The procott meant ABSOLUTELY nothing... and yet there were LOTS of kids who got roped into it. Stories of people who filled their cupboards to the brim with boxes flooded onto the 'Net for months afterwards. Some kids even asked their parents to stock up on poptarts as a Christmas present.
10 boxes... 16 boxes... 40 boxes... 100+ boxes... I've heard personal accounts of people who bought that many and then some... 'cause they bought into the SOS sugarcoated propoganda. I won't even get into all of the people who threw their money away on buying boxes of 'Frosted Strawberry' poptarts instead of unfrosted due to a lack of clarification on SOS's part.
Over time, SOS never could produce any hard data or sales figures or even a comment from Kellogg that gave any indication of their procott having an impact. Naturally, they INSISTED that the procott and the fans themselves played a direct role when they finally decided to pass along that production was indeed restarting some two months later.
The poptart people (as they are affectionately known) decided to play the game of revisionist history with quotes saying 'We Did It!' among others that only served to further mislead and delude the fans that had put their trust in them."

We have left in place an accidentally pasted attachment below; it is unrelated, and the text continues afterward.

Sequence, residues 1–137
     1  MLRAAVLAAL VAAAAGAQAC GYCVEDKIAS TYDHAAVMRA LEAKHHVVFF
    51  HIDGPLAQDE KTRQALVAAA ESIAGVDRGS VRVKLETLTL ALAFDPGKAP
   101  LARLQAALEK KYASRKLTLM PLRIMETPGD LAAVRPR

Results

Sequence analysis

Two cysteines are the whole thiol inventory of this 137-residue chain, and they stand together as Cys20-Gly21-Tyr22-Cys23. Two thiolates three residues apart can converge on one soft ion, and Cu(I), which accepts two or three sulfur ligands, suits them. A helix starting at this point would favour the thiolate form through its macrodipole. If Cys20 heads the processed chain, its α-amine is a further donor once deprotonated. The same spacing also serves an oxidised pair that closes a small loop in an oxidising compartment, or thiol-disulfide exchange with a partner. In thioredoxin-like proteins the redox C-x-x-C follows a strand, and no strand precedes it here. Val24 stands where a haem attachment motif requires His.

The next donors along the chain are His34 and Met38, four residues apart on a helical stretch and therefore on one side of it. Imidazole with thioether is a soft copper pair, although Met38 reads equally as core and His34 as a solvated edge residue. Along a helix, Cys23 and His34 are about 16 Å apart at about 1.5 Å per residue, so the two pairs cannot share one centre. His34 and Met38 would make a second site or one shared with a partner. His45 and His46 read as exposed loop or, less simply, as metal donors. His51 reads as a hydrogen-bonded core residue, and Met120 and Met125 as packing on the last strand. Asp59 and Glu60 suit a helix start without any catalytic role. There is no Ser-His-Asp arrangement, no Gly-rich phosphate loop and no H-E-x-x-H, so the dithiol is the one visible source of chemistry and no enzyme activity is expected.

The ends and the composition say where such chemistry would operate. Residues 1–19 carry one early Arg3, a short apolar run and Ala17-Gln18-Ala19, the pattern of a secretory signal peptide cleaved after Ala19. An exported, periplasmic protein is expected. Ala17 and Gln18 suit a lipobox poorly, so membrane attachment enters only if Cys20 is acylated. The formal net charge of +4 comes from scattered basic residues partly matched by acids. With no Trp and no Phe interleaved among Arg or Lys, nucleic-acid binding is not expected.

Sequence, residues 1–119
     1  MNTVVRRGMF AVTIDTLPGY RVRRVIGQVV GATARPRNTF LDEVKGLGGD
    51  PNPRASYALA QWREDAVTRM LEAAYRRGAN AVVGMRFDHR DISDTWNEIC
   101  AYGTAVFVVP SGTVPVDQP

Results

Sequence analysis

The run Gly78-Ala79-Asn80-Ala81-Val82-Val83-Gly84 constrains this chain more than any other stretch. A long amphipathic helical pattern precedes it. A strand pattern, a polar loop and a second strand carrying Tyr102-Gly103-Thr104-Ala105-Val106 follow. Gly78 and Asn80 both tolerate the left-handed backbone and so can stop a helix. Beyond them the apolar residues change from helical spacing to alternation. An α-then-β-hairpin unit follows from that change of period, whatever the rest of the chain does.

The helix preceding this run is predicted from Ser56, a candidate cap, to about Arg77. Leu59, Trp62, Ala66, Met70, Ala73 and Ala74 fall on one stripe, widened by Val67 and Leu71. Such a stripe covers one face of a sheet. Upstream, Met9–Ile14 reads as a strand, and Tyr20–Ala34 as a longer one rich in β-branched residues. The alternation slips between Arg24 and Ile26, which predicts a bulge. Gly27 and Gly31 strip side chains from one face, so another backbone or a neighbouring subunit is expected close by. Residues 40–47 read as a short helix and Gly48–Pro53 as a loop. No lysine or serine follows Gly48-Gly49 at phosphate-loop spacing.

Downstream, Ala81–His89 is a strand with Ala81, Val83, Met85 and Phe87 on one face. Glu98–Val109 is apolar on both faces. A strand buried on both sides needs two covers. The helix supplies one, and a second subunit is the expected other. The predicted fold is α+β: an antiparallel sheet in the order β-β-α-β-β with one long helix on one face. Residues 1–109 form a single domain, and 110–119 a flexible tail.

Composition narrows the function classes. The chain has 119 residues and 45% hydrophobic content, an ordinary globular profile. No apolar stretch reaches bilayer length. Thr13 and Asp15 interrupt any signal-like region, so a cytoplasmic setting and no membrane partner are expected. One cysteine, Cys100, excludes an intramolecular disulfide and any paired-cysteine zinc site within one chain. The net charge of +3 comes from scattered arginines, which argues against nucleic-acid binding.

Some other infamous flubs of SOS include:
New dub episodes finally came out in 2000. Any relation to SOS's claims are likely coincidental, considering that they didn't dub the same number of episodes that SOS claimed, and it happened a year after SOS's claims with an intervening time period where it seems DIC was going to lose the rights to the extra episodes completely (if indeed that claim itself wasn't just something SOS came up with for no reason).
The main reason people hate Mixx (publishers of the Sailor Moon manga in America) is because they moved Sailor Moon out of Mixxzine in 1998 and changed Mixxzine's format to a teenagers' magazine instead of a manga magazine. The current storyline was continued in a separate comic, with later episodes in Smile magazine. Unfortunately, Mixx let people transfer their subscriptions to Smile but not to the separate comic, so there was no way for a subscriber-only fan to get the continuation of the storyline. On top of that, the change happened right after subscription renewals, so everyone subscribed to Mixxzine again right before learning that they might not want it. Both Mixxzine and Smile now printed the manga pages at half size. And Smile was *really* bad.
Mixx had also been quietly reducing the number of pages in Mixxzine, which essentially means making it more expensive per page and amounted to another price rise.
[Update: Mixx renamed the magazine to Tokyo Pop and cut out much of the manga. Of course this again happened just after subscription renewals. The magazine finally died in 2000. Smile's format was changed to a manga magazine in 2000.]
Other reasons include:
There's lots more, most of which is Ron Scovil's word against Stu Levy's.
The Sailor Moon FAQ was created and is maintained by:
Ken Arromdee / email@example.com / http://www.rahul.net/arromdee
The FAQ has been HTMLized by Jen Maher-Bontrager of sailormoon.org.